Another sweetener is derived from the agave cactus plant and has a similar calorie count and appearance to honey. It’s said to be sweeter and more flavorful than regular sugar, but there’s not much else to this sweetener. While there is a general notion that it is healthier because of its lower glycemic index, this is due to the fact that it by nature is mostly fructose, not sucrose, and is thus metabolized differently than sucrose.


Your thoughts…

What sweeteners, if any, do you use or not use? Why or why not?



Comments


stevia, anyone? it's a plant I can grow in my garden (and indoors in a pot in the winter), and it works great in my coffee with a bit of non-fat milk.

when at all possible, i stay away from sugar of all processed forms as it exacerbates my eczema to a huge degree. ice cream at night (even three tablespoons) equals bad skin and inflammation in the morning. talk about an immediate reaction.

natural sugars occurring in fruit seem to be much easier on my skin. I'm going to have to assume that the same would be true for the rest of my body.



Sugar is a problem Some forms are digested in a better way than others, but all are ultimate lethal. Face the fact that it is bad for you and then, gradually if necessary, get off it. Looking for substitutes isn't the answer. The idea is to defeat your craving for it, which will never happens as longs as you keep finding new ways to get the sweet taste.



Ah, but for those of us with a sweet tooth the search for a natural, low-calorie sweetener will go on. Without sweet stuff I'm not sure life would be longer per se, but it would certainly feel like it...



I have tried stevia many times, and am currently trying to get used to it. I cannot have it my coffee - just too weird and slightly bitter. I put it in my green tea, which tastes weird anyway LOL.



While I have tried numerous options I recently Decided to adopt 3 policies.

1. Stick to raw time honored sweetners. Succanat, honey, maple syrup, stevia. Ocational molasses. 2. Try and fulfill sweet cravings only by use Of fruits and nataturally sweet plants Or seeds such as anise. 3. Reduce our sweet consumption by 3/4s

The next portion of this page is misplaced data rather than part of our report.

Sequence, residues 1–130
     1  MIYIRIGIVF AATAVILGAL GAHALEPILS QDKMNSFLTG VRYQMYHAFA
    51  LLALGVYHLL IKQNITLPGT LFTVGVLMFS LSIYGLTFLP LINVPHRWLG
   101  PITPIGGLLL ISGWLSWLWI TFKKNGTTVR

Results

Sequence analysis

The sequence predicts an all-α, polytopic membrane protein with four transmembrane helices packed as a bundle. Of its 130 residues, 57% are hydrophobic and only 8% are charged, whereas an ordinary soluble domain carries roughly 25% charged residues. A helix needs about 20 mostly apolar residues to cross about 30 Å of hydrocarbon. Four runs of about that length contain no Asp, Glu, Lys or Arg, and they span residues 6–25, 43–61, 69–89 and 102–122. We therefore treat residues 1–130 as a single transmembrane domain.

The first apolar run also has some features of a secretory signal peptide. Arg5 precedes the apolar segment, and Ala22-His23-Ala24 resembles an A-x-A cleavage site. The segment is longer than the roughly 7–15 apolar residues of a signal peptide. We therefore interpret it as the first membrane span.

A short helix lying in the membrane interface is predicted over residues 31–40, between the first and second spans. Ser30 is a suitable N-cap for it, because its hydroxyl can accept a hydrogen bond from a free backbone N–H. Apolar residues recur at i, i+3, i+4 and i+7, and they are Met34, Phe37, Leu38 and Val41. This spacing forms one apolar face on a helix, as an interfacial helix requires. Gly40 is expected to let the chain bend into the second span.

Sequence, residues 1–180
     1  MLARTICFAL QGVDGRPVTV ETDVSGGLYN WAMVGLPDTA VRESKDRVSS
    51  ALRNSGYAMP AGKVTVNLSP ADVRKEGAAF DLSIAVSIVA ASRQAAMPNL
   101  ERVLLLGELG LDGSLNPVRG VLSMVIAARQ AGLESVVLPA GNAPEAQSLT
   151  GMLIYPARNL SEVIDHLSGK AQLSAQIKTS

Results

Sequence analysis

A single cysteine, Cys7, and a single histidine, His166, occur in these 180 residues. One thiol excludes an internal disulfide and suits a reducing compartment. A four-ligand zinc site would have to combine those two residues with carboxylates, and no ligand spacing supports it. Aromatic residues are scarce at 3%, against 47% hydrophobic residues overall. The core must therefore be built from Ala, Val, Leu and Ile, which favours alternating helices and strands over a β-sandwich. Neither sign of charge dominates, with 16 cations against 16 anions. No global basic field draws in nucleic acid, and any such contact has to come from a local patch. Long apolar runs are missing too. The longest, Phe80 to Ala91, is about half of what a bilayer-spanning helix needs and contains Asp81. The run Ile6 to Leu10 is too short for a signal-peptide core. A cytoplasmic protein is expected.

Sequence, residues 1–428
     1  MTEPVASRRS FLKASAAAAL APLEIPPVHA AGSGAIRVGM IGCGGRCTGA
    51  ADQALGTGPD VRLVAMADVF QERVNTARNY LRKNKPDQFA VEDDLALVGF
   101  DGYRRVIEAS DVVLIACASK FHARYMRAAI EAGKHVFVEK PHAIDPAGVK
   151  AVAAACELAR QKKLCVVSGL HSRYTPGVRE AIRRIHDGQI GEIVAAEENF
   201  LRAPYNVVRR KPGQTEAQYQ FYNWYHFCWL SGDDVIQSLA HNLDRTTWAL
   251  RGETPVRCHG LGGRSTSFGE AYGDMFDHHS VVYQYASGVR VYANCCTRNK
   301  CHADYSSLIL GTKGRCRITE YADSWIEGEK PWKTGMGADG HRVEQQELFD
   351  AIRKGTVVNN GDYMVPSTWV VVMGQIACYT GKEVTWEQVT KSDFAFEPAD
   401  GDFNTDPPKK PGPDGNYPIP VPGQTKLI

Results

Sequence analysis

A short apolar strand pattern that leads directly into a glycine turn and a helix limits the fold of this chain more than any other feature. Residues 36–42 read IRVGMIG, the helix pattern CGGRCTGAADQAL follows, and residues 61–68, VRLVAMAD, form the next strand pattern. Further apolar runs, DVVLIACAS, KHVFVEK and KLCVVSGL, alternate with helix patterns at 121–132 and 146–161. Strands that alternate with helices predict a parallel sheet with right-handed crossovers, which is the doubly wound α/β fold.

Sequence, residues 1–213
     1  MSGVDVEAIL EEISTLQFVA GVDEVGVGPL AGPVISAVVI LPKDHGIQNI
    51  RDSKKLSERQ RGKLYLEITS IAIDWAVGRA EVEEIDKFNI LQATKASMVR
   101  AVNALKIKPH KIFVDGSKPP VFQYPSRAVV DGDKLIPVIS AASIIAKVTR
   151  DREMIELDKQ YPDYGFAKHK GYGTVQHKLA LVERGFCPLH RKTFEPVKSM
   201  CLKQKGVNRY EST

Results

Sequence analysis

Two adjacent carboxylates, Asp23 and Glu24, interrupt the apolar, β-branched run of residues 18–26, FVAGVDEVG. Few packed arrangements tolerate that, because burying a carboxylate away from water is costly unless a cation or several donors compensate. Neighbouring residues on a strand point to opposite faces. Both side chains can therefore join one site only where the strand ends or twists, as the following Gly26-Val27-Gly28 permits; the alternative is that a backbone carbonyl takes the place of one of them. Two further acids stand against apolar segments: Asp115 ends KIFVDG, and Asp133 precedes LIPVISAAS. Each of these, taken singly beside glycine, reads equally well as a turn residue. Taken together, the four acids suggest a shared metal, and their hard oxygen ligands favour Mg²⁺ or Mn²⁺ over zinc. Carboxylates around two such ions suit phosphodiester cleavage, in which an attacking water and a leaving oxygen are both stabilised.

I have stopped using any sugar - almost! I use Stevia exclusively. 



I have been using the new light sugar by Domino - it is half regular sugar and half stevia.  It will help you get used to the taste of stevia if you are having a hard time switching.



I grew stevia this year also.  Do you dry the leaves and use them? Or do you use the root.

 



I LOVE STEVIA!  At first, I really didn't think much of it -- it's sweet, alright, but it has a faint bitterness that I found strange.  But, like every other taste I've had to "learn", I kept using it, and now, I really love it!



I don't like the taste of artificial sugar and heard that is not good for our brains. So I have reduce the amount of sugar I use to 1/2 tsp. I also try a sugar from India name jaggary which is full of vitamins and antioxidant.



I've been using Stevia for a few months now and I found that the taste is different between brands.  Keep trying until you find one that works for you.  Cutting out refined sugar has been fairly easy...it's the sugar in everything else



 I have taken my children and myself off sugar and have switched over to Stevia in the Raw.  We don't mind it at all.  It's sweet and makes things taste yummy.  The problem however...is that every other thing on the planet is loaded with sugar.  It's so frustrating.   I wish there was an inexpensive way to be totally off sugar without having to make everything from scratch...(which I currently do).  I simply don't have the time to keep up with this.  I try making a lot at once and freezing things but I'm telling you...I'm about married to my kitchen.  It's getting tough to do as a widow who works...and who must solely take care of the children.